The Spinifex hopping mouse - A Determined Migrator

Spinifex hopping mouseThe Spinifex hopping mouse (Notomys alexis), which also goes by the name Tarkawara, is indigenous to western and central Australia. Their population is centered in arid regions such as the sand dunes, the spiniflex sand flats for which the animal is named, as well as melaleuca and mulga flats. They prefer dry environments and can migrate up to 15 kilometers during periods of intense rain.

The hopping mouse is similar in appearance to its relative, the Northern hopping mouse, and is slightly larger than the typical house mouse. It measures between 95 and 115 millimeters or 3.7 to 4.5 inches from head to the end of their body with the average weight being 35 grams or 1.2 ounces. The mouse has longer hind legs than the average mouse as well as shortened forelimbs with a longer than average tail, approximately 140 millimeters or 5.5 inches in length. Their fur is a fawn color with grey around the mouth as well as in the space between the ear and eye. Their hair is significantly courser and blacker on the back with the tail having very little fur.

The Spinifex hopping mouse lives in burrows which are typically located about 10 inches beneath the surface. The chamber in which the animals live is usually quite large and is lined with plant matter as well as small sticks.
The mouse is largely nocturnal and leaves the den at night. They forage for food individually and eat a diet consisting primarily of seeds, green shoots, roots, as well as small invertebrates. They move with their body extended, almost completely horizontal, with their tail fully extended.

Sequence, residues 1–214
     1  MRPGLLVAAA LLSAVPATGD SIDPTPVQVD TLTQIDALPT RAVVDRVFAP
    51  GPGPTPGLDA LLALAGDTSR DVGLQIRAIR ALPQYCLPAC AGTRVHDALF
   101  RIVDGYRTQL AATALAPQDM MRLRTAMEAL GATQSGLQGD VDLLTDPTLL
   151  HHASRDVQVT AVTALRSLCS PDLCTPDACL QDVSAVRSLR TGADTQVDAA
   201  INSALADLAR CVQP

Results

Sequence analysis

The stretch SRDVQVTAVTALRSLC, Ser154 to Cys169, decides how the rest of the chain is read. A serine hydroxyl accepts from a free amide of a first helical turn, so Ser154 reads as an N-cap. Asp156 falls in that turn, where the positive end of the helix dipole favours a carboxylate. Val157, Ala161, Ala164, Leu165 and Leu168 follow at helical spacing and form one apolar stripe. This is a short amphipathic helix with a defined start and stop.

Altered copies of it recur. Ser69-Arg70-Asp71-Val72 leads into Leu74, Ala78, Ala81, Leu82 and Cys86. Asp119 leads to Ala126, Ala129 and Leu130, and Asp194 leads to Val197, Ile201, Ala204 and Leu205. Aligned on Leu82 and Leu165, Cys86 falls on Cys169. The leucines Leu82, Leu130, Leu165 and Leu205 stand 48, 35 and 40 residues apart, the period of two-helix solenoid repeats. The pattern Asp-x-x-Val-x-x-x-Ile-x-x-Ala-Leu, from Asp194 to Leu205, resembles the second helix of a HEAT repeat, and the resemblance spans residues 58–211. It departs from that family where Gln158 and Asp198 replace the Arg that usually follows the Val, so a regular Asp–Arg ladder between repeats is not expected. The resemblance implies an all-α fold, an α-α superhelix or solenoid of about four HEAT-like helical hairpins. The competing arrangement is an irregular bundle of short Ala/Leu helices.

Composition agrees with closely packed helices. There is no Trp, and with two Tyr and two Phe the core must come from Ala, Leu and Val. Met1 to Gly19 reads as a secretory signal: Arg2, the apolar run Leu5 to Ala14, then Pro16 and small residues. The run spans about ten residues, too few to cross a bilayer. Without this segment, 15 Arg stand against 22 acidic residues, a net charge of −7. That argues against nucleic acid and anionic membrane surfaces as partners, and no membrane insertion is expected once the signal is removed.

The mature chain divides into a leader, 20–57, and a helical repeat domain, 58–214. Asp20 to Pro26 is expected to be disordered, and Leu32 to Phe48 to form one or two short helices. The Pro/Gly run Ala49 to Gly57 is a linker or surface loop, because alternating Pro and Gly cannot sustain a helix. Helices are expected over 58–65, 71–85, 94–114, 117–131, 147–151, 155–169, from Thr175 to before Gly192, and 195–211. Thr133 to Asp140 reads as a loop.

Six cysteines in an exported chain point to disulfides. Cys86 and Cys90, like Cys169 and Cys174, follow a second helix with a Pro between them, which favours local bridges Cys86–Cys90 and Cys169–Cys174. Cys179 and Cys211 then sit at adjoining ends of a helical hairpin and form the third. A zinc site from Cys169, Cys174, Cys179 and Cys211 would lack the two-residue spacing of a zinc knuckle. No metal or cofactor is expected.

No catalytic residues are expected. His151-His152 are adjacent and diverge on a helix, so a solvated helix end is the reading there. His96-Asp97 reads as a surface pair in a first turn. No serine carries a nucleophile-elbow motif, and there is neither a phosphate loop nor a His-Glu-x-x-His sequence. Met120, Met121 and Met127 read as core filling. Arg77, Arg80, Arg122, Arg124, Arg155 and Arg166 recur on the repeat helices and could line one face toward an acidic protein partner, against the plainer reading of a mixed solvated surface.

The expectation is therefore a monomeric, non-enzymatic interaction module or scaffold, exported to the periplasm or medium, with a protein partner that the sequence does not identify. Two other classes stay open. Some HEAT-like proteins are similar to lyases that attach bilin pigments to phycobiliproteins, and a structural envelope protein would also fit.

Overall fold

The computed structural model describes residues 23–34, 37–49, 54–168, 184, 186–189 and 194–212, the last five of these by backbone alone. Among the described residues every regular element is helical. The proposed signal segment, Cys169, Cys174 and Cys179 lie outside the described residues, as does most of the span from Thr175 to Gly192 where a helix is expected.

The Spinifex hopping mouse breeds primarily in the spring although they are able to do so throughout the year. The gestation period is quite short, approximately 40 days but can vary depending on whether or not the pregnant mouse is still nursing its previous litter. The litter can vary in size with the average being 3 babies. After the babies are born, they remain in the den when the family goes to forage for food. Sexual maturity is obtained without 2 ½ months.

The usual predators of the hopping mouse are owls, dingoes, red foxes, and feral cats. The population can vary greatly with the population booming after rain and occasionally spreading out into different areas with the population decreasing during times of drought. Despite this, the species is currently not considered endangered.

Keywords: tail

The Spinefex hopping mouse is listed as Least Concern (LR/lc), lowest risk. Does not qualify for a more at risk category. Widespread and abundant taxa are included in this category, on the IUCN Red List of Threatened Species

Namings for the spinifex hopping mouse
A young / baby of a spinifex hopping mouse is called a 'pinkie, kitten or pup'. The females are called 'doe' and males 'buck'. A spinifex hopping mouse group is called a 'nest, colony, harvest, horde or mischief'.
Countries
Australia
Some facts about the
Australian hopping mouse

Adult weight : 0.035 kg (0.077 lbs)

Maximum longevity : 6 years

Female maturity :75 days

Male maturity : 75 days

Gestation : 35 days

Weaning : 30 days

Litter size : 4

Interval between litters : 33 days

Weight at birth : 0.003 kg (0.0066 lbs)

Weight at weaning : 0.013 kg (0.0286 lbs)

Body mass : 0.032 kg (0.0704 lbs)

Temperature : 37.85 °C (100.13 °F)

Source: AnAge, licensed under CC

More animals beginning with S

Custom Search
Contact Us | ©2011 TheWebsiteOfEverything.com | Privacy information | Spinifex hopping mouse